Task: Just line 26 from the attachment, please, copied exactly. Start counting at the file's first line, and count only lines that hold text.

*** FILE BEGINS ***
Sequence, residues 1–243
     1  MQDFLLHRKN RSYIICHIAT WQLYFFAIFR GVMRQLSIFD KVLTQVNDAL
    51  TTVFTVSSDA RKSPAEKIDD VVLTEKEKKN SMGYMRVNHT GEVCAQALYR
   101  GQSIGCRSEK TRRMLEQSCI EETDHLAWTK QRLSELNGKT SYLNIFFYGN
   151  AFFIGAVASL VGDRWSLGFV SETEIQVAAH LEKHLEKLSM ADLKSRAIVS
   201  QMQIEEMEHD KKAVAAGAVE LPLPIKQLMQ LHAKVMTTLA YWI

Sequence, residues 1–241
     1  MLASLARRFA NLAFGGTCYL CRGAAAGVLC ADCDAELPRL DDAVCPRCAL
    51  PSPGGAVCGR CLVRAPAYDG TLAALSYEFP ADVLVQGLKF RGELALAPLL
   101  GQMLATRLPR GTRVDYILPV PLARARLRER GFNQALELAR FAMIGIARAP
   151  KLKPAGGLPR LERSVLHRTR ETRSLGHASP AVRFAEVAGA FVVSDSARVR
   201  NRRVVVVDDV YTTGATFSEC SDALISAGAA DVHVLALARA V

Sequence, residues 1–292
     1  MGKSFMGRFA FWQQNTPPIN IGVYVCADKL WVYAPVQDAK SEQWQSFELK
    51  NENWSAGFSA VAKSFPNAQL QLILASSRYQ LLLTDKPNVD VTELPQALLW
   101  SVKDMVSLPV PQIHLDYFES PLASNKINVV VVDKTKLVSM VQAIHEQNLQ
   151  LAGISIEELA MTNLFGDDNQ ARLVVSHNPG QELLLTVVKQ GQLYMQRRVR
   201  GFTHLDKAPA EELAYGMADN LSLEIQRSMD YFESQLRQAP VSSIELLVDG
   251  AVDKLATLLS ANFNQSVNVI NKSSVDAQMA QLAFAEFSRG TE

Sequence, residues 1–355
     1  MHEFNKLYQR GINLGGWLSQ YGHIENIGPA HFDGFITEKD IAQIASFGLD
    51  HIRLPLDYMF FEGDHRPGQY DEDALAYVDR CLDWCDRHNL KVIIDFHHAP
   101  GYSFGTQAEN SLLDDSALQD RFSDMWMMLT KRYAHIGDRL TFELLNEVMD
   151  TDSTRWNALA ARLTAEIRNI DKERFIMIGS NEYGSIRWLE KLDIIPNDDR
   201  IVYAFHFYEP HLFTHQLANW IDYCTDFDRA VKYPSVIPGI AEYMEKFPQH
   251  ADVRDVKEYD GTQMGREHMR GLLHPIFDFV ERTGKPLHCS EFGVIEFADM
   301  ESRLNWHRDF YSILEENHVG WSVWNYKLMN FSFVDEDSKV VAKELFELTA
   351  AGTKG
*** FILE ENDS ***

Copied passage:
   251  ADVRDVKEYD GTQMGREHMR GLLHPIFDFV ERTGKPLHCS EFGVIEFADM